As for the safety being stuck in the off-safe/fire position, this rendered it an area of critical concern. I figured it was stuck because of rust and/or grit so I put a few drops of Ballistol around the lever and let it seep about. In five minutes the safety was free and working.
This doesn’t mean I was done with it–I carefully removed the safety screw and disassembled the components. It was dirty with sand and a bit of rust so I cleaned everything then lightly oiled the metal parts. Using laquer thinner I degreased the safety screw, the safety screw hole threads in the safety post, air dried the parts, applied medium strength LockTite threadlocker on the safety screw threads, re-assembled the safety mechanism and confirmed it functioned as it should.
Exterior: Rust removal
After several days of Ballistol soaking on the exterior of the barrel and magazine tube I wiped them dry with a clean shop cloth. This removed a lot of rust that the Ballistol had lifted and the gun was looking better already.
I applied another coat of Ballistol to the entire exterior surfaces of the barrel and mag tube and let it soak for a day. Leaving the oil on the gun I soaked a brass bristle brush (DO NOT use steel bristle brushes) with Ballistol and scrubbed all areas of rust.
More rust was removed and the metal was looking better, but high and low spots of rust remained so I moved on to using 0000 steel wool. The process is as follows: apply Ballistol to the gun metal, let soak a day, LIGHTLY scrub (with 0000 steel wool soaked with Ballistol), wipe dry with a clean cloth, inspect. Repeat the process until rust is gone then apply a light coat of oil to the metal and you’re done.
The barrel takedown screw was also heavily rusted so I used the same process explained above using a brass bristle brush soaked with Ballistol to get into crevices.
When all the rust was removed pitting was evident in several areas of the barrel and mag tube, but that’s the way it goes when rust is dealt with.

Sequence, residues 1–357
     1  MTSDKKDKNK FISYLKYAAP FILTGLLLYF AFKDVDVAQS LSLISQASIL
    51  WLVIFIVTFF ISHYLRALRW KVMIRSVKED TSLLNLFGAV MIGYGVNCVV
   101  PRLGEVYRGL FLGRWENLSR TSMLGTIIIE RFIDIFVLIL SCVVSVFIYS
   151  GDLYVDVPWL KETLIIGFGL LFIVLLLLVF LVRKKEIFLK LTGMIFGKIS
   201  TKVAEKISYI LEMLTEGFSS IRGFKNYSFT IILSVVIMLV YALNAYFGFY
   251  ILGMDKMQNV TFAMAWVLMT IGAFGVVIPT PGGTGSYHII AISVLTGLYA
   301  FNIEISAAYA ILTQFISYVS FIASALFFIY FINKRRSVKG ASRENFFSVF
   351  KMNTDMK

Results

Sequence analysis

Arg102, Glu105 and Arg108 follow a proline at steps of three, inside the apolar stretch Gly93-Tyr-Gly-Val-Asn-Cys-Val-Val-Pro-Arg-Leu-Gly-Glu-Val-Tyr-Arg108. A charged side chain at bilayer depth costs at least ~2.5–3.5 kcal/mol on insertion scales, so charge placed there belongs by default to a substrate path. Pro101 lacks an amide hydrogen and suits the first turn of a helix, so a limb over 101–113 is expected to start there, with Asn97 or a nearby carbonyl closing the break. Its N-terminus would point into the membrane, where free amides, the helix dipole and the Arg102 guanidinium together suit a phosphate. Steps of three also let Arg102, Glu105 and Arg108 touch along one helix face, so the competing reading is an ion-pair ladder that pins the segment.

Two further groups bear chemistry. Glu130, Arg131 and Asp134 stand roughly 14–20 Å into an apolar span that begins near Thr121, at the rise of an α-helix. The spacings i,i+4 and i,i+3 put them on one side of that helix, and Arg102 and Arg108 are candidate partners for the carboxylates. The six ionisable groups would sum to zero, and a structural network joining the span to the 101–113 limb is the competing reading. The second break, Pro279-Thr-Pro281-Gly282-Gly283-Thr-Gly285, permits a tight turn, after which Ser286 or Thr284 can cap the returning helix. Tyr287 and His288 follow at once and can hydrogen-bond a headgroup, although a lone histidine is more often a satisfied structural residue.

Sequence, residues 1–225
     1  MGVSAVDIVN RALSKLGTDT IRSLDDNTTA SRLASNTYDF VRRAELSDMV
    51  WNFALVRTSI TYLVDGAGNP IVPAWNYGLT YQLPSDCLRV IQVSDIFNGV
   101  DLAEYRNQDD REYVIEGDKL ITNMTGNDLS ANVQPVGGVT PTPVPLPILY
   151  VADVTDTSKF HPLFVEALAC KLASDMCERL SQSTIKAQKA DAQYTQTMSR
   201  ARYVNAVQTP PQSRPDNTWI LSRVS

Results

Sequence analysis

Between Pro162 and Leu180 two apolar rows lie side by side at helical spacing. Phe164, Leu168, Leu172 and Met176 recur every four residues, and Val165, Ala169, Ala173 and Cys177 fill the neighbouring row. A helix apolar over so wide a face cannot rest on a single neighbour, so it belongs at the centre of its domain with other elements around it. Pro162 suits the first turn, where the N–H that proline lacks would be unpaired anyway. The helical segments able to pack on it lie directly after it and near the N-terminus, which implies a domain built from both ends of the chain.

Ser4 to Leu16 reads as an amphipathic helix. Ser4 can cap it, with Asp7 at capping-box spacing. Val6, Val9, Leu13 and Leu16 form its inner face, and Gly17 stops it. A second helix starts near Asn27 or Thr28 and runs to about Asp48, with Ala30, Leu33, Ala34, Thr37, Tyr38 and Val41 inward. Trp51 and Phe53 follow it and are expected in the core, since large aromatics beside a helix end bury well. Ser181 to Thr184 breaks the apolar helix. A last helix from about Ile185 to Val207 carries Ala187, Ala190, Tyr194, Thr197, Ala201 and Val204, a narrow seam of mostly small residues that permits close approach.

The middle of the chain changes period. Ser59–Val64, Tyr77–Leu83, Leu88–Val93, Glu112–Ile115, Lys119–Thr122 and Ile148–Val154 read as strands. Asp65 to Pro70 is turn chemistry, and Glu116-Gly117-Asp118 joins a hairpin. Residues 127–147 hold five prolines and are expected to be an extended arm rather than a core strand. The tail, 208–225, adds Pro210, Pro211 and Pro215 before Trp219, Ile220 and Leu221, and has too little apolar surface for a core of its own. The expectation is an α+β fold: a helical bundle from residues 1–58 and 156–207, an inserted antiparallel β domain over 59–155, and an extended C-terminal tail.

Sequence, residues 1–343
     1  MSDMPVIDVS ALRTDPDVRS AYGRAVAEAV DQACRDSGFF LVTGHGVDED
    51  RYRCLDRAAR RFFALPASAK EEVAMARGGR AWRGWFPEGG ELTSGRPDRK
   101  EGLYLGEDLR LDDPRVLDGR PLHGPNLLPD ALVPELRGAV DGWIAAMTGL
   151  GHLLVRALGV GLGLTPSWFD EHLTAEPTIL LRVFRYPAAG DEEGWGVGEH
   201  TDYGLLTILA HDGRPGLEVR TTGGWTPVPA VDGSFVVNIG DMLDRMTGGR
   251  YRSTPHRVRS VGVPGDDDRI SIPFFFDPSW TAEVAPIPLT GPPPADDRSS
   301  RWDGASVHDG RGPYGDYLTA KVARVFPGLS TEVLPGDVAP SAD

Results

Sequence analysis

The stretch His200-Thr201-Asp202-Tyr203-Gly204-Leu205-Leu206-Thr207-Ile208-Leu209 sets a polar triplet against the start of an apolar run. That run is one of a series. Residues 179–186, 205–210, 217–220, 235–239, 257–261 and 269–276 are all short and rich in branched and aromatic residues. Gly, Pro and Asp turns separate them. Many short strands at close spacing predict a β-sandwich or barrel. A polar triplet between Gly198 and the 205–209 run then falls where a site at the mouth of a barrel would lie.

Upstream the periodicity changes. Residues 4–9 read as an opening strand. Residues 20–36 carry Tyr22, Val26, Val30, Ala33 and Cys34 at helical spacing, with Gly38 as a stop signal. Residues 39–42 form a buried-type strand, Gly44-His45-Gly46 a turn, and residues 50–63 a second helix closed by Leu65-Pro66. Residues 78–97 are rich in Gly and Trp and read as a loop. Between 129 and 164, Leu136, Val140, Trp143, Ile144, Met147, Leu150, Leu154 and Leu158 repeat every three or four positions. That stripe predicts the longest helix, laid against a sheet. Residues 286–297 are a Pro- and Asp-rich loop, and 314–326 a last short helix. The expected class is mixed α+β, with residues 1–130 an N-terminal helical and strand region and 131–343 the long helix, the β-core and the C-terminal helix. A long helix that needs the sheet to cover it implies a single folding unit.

Cleaning the stock
With the rust removed the gun was looking so much better so I decided to experiment with cleaning the stock in hopes to give the gun a better overall appearance. The finish of the wood was wearing off, was dirty and any help it could get was a welcome.
First thing I tried was rubbing the wood with Ballistol, let it soak several hours then wiped it down. This did not do much at all. Next attempt I used a shop cloth soaked with 99% isopropyl alcohol and gave it a good wiping. To clean between the grip serrations on the forarm I used a nylon brush soaked with alcohol and scrubbed. I repeated the process one more time getting it about as clean as it could get using this method.
Since the finish was so far gone (I did not have permission for a stock refinish job) and now de-oiled from the alcohol, I decided to apply a carnauba paste furniture wax product I originally aquired for use as a release agent for epoxies. The idea here being the wax helps protect the wood from absorbing dirt and moisture. Using a small piece of foam I applied some wax to it and rubbed it on the stock. I used foam because it doesn’t absorb and waste the wax like using an absorbent cloth would. You can see in the photo that the overall improvement was minor but effective.
Long story short, when the customer arrived I showed him the gun. His face lit up with an ear to ear smile. He was pleasantly surprised how much better it looked. The gun has sentimental value and has been passed down two generations. To be honest I do not think he thought the metal would ever be able to look so “rust free” (that’s the kind of smile I seen on his face).
He is going to return the gun after hunting season for a cleaning. On top of that he brought me another gun that has feeding problems and needs a detailed strip and clean. Gotta love happy customers!